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Long-term development of refractive error in refractive, nonrefractive and partially accommodative esotropia

Long-term development of refractive error in refractive, nonrefractive and partially accommodative esotropia

  • Paolo Esposito Veneruso, 
  • Dario Bruzzese, 
  • Adriano Magli
PLOS
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Abstract

Accommodative esotropia (AE) is a convergent deviation due to an excess of the convergence linked to the innervational stimulus for accommodation and it is usually associated to the presence of hyperopia. The development of hyperopia over time has been widely described but the lack of comparative analysis among accommodative esotropia subtypes, does not allow to verify the existence of different developmental patterns. In this study we aimed to describe the long term changes of refractive error in patients affected by accommodative esotropia as a function of the strabismus type: refractive (RAE), non-refractive (NRAE) and partially accommodative esotropia (PAE). The medical records of 66 patients (24 RAE, 22 PAE, 20 NRAE), who wore the full correction of their cycloplegic refraction error during the entire follow up period, were retrospectively reviewed. Mean outcome was the analysis of the variations, among groups, of refractive error over time; differences between mild (≤3.00D) and high (≥5.00D) hyperopia, effects of amblyopia and relationship with AC/A ratio were also investigated. All patients were followed up from approximately 4 years of age to 20, with mean follow up of 16.06±0.29 years. Our results described similar non-linear trend of refractive error development among groups. The initial increase of hyperopia (up to 7–8 years) was followed by a decreasing trend persisting up to adulthood (approximately 20 years of age). During this period, spherical equivalent decreased at a lower mean annual rate in patients affected by RAE (-0.07D) compared to other groups (NRAE -0.11D, p = 0.003 and PAE 0.13D, p = 0.002). In all groups, however, significant amount of hyperopia was found at last examination; indeed the observed difference in SE values from baseline to the end of follow up, was not significant (RAE: +0.27D, 95% C.I. -0.49 to +1.04D, p = 0.472; PAE: -0.69D, 95% C.I. -1.67 to +0.28D, p = 0.154; NRAE: -0.39D, 95% C.I. -1.11 to +0.34D, p = 0.278). AC/A ratio, amblyopia and amount of initial hyperopia appeared to have no significant role in longitudinal change of the refractive error. In conclusion, this study provides a complete overview, from childhood to adulthood, of refractive error development in different form of accommodative esotropia.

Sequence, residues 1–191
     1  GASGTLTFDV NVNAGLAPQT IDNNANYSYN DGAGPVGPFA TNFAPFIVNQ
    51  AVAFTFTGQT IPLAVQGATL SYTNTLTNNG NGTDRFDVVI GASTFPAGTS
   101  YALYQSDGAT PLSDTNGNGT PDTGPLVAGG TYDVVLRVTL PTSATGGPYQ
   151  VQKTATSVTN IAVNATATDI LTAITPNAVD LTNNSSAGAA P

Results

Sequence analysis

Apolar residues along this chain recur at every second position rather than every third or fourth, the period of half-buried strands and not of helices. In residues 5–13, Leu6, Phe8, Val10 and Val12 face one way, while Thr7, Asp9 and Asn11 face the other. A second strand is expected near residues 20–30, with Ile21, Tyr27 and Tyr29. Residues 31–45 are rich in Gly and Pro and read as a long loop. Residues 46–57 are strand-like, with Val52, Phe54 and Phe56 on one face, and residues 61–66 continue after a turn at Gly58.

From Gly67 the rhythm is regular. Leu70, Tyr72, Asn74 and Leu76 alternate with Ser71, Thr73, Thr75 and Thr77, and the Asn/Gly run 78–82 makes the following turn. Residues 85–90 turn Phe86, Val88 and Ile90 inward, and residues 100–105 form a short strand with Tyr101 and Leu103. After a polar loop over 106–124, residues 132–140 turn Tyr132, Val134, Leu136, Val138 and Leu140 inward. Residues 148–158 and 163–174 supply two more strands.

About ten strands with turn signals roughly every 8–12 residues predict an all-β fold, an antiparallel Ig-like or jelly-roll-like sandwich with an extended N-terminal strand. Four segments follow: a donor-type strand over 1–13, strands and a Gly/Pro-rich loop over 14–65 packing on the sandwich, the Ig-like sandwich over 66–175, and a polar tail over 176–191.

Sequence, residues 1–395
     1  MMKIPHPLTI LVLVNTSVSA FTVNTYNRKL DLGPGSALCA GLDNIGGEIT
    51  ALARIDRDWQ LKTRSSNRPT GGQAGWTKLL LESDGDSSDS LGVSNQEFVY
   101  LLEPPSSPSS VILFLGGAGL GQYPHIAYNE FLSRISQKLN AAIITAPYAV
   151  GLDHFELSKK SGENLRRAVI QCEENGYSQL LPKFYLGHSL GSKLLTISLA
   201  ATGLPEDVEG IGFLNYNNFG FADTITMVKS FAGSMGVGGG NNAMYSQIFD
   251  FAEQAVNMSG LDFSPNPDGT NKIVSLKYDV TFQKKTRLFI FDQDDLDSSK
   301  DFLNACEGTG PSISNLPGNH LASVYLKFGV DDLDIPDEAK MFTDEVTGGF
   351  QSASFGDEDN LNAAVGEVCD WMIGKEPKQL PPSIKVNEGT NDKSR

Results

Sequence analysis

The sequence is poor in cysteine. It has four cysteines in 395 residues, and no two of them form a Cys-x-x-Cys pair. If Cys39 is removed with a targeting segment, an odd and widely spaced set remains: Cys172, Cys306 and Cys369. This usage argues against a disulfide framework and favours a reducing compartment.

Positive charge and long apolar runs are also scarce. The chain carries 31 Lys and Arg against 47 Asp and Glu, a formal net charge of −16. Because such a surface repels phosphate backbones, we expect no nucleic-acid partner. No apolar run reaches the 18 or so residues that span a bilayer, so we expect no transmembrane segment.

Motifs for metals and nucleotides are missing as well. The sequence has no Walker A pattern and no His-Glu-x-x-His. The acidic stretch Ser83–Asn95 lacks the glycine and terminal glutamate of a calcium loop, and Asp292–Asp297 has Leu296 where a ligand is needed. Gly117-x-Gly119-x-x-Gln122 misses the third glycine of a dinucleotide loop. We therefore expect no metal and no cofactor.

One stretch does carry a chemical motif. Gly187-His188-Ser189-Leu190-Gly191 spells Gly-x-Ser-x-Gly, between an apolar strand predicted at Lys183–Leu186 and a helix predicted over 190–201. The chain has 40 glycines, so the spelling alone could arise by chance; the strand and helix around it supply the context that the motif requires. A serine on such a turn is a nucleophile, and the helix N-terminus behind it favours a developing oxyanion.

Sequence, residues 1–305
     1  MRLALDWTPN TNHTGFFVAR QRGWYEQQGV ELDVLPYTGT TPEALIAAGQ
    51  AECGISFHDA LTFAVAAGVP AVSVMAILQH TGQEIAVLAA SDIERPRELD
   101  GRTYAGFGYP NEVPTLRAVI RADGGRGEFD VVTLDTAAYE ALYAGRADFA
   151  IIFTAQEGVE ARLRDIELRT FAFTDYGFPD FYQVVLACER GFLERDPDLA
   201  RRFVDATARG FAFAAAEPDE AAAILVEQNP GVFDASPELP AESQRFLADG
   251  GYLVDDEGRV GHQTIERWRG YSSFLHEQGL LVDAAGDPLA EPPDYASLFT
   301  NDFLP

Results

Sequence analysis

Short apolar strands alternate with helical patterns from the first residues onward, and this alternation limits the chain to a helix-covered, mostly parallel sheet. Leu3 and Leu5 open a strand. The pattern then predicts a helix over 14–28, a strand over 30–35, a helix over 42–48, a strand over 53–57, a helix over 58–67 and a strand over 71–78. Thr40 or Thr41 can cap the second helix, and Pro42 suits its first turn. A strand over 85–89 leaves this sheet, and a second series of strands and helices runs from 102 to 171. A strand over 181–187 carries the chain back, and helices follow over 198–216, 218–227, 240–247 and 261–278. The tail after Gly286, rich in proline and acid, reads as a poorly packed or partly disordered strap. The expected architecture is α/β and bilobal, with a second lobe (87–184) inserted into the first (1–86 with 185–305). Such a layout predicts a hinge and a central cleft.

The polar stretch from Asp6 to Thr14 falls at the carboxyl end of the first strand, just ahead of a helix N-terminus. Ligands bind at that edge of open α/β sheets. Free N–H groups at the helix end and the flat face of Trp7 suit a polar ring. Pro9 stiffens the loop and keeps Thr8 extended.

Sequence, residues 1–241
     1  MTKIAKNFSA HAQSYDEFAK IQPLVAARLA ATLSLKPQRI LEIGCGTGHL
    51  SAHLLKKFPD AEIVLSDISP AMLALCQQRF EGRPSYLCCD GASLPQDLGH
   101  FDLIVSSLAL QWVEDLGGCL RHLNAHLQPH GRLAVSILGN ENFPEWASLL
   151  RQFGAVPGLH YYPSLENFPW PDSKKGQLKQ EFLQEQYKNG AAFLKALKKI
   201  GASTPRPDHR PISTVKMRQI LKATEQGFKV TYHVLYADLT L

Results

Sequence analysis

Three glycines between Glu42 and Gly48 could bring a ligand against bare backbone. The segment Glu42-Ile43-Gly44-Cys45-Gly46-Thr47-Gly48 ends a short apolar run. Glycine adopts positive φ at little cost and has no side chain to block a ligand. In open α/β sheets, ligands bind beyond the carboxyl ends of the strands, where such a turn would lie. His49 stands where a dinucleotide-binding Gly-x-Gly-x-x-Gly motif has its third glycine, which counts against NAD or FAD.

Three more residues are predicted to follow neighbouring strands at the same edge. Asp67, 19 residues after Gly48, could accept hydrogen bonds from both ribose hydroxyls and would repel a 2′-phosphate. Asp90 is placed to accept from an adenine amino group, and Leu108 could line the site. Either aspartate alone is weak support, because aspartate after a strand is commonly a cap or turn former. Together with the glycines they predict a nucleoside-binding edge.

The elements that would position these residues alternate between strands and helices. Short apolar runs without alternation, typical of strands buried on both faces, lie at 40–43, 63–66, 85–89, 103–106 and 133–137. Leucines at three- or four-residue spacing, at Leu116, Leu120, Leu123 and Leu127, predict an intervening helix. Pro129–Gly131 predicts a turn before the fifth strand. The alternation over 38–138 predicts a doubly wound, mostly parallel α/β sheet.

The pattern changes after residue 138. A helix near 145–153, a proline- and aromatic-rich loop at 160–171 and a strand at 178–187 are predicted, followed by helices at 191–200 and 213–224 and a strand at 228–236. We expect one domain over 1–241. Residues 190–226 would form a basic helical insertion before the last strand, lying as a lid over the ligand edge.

Introduction

The term “accommodative esotropia” (AE) is generally referred to a convergent deviation due to an excess of the convergence linked to the innervational stimulus for accommodation [1]. It can be associated with hyperopia (frequently undercorrected at early age), anisometropia, insufficient fusional divergence, normal or high accommodative convergence to accommodation ratio (AC/A) and subnormal amplitude of accommodation [13].

Several studies, focused on the development pattern of refractive error in esotropic children, have reported an increasing or unchanged hyperopia from 5 to 10 years of age [47] and, afterwards, a decreasing trend is frequently observed [4,7,8].

The emmetropization mechanisms in esotropic patients and the effects of optical correction on the eye-growth remain, although extensively studied, an unresolved issue. Birch et al. reported a slower emmetropization process in esotropic children compared to healthy controls [9,10]; although some Authors suggested the emmetropization process might be prevented by using full optical correction of hyperopia [11,12], Demirkilinç Biler et al. described no significant differences between the development of refractive error in children treated with partial and full spectacles correction [13].

Despite contrasting result in human, in animal model, the effect of defocus induced by optical correction on eye growth is well documented [1416].

The effects of amblyopia, anisometropia, the amount of initial hyperopia, age of prescription and full versus partial optical correction on the refractive change over time in AE patients, have been described with non-univocal opinions [7,8,13,17], moreover comparison of AE studies is very difficult because inclusion criteria and follow up lasting vary among studies and strabismus classification is not always clearly defined.

To the best of our knowledge, there are no studies focused on the possible differences of refractive error modifications over time among AE subtypes.

The aim of this study is to evaluate the long term changes of refractive error in patients affected by accommodative esotropia as a function of the strabismus type: refractive, non-refractive and partially accommodative esotropia.

Materials and methods